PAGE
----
• to lobby, with Government partnership, for Equivalence in our export markets (eg, Korea, US etc).

[*I should declare that as the current chairman of the National Standards Sub Committee I do have a bias towards the former option, but in either case this debate must be put to bed]

I agree completely with all Sam Statham has said about the Standard being the core to defining what is Organic, but i think we need to take this one step further to regulate the use of the term "Organic" as defined in the Standard. Consumer awareness and protection over the use of the term Organic is key to the protection of the Organic industry in the future, providing the consumer with the confidence that what they are buying is Organic. Too many producers are calling their products Organic, however are not certified by any singular body and riding the wave of a strong brand.

I always have been and remain a strong supporter of the concept of one standard. One standard reduces cost and complexity, avoids confusion and opportunity for compliance issues and more than one standard can only serve to open debate from export destinations and domestic customers about why we need more than one.

What a pity that the many years of work put into OFA (much of it voluntary) are now going to be wasted.

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In reply to by Rob Underdown (not verified)

Rob, totally agree. When Australian products go overseas they have to be certified to enter the markets as Organic. The label claim of organic must be backed by certification. In Australia there are no controls, any product can be imported or made in Australia using non certified ingredients and be called organic. However to have legislation to protect the word we have to demonstrate "market failure" which is not easy and also be prepared for compromise to get it through eg allowing GMOs on organic farms etc.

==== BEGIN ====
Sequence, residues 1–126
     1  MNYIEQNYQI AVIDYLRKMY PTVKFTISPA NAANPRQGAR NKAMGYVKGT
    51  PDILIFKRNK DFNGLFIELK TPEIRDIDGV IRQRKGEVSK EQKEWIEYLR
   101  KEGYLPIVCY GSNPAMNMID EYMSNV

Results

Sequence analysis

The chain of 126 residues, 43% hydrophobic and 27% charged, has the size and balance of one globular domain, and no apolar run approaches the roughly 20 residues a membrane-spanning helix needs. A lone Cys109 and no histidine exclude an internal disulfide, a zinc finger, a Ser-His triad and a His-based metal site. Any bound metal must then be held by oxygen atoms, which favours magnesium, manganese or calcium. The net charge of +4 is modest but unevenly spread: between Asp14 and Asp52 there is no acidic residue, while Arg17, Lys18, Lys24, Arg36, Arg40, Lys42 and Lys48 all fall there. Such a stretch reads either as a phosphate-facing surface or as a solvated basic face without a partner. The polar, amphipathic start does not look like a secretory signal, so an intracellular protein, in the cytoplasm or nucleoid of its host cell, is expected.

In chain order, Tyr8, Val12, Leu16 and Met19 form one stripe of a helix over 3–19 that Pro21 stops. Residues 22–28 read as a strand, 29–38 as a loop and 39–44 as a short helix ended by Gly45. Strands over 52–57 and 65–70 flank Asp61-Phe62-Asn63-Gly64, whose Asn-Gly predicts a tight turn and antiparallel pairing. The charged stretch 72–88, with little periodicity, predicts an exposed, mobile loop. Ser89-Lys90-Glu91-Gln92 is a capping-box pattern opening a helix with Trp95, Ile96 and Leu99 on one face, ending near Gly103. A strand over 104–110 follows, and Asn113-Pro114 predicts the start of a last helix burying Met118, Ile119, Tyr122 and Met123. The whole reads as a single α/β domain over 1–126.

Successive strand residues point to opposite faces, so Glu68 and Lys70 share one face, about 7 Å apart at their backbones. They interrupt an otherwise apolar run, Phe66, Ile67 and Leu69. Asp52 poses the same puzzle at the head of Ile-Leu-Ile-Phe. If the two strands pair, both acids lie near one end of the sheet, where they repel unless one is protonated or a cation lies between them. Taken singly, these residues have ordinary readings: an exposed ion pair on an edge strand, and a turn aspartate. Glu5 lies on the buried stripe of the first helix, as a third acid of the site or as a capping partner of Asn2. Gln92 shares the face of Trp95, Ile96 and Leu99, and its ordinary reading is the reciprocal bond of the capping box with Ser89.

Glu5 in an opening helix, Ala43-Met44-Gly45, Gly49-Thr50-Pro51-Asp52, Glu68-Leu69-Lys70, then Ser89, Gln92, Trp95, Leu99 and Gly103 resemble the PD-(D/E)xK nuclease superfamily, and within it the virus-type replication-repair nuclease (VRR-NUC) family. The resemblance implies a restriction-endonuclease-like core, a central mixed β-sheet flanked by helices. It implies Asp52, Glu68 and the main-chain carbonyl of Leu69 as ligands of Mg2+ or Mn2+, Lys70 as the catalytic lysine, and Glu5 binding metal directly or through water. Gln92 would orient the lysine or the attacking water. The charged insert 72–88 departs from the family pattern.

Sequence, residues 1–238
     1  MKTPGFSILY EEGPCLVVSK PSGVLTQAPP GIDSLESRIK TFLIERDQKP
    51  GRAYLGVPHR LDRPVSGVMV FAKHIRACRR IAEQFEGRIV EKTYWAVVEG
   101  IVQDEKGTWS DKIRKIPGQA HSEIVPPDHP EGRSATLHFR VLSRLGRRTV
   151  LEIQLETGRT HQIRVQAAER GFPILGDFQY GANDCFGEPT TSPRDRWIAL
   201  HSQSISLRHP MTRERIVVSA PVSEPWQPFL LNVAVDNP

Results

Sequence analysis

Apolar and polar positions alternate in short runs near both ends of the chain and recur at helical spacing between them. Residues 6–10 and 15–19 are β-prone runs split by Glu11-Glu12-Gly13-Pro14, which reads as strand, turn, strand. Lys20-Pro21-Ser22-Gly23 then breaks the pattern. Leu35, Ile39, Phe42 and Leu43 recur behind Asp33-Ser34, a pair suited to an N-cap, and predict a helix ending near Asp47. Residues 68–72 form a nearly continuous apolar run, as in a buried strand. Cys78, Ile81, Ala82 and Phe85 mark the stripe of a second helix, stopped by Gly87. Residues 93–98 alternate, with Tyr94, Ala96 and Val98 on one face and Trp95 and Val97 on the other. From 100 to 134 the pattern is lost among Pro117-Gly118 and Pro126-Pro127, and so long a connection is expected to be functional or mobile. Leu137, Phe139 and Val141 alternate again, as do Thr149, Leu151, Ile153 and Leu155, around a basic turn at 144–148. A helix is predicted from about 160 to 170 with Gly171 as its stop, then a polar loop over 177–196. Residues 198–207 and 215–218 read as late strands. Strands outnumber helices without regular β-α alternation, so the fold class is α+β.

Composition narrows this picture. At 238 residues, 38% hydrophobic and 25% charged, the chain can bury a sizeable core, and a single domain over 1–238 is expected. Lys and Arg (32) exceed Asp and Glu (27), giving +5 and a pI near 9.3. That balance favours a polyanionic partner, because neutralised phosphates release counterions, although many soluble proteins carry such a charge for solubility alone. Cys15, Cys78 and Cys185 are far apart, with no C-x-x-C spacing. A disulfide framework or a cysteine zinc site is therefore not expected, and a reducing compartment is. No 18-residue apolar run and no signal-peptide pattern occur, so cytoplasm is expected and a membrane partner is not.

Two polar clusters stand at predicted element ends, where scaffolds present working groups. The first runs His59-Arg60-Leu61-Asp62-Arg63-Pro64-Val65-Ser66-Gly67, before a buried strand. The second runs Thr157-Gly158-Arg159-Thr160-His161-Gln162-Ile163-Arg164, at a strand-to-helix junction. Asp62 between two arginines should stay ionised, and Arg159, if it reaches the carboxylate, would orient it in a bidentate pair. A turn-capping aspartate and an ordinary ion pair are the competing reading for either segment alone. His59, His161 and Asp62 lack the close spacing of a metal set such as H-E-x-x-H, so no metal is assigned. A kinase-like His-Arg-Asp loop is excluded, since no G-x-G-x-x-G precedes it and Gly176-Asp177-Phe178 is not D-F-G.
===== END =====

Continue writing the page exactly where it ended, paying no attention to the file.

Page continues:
the use of australian certification logos on imported product will harm australias organic reputation. for example australian certified logos on hempseed product from china is misleading customers who would not place premium status on chinese hemp seed. consumers would prefer australian organic (even if not certified) than chinese product certified as organic in china. the australian certification logos should not be used on imported product to maintain integrity, and if they are, should have the origin clearly stated on logos and not hidden on packaging. the australian regulation of organic production is very strict and costly and premiums to make it viable can only be achieved if australian and organic are preserved as a premium safe product.

As a relative newcomer, it is hard to understand why Australia does not have a system of certification similar to the USDA certified organic standard. 

I'd like to see a single organic logo created in unison with a single standard.  The certifier and the processor/producer number can still be part of the logo, but a single visual cue for consumers would create much stronger branding for organic products.

I strongly support the suggestion that the standard applies to imports, and for government support in helping achieve export recognition of the australian organic standard.  

My only concern is that the standards are not compromised.  It was worrying to see a certifying body advocating for tolerance levels of GMO last year.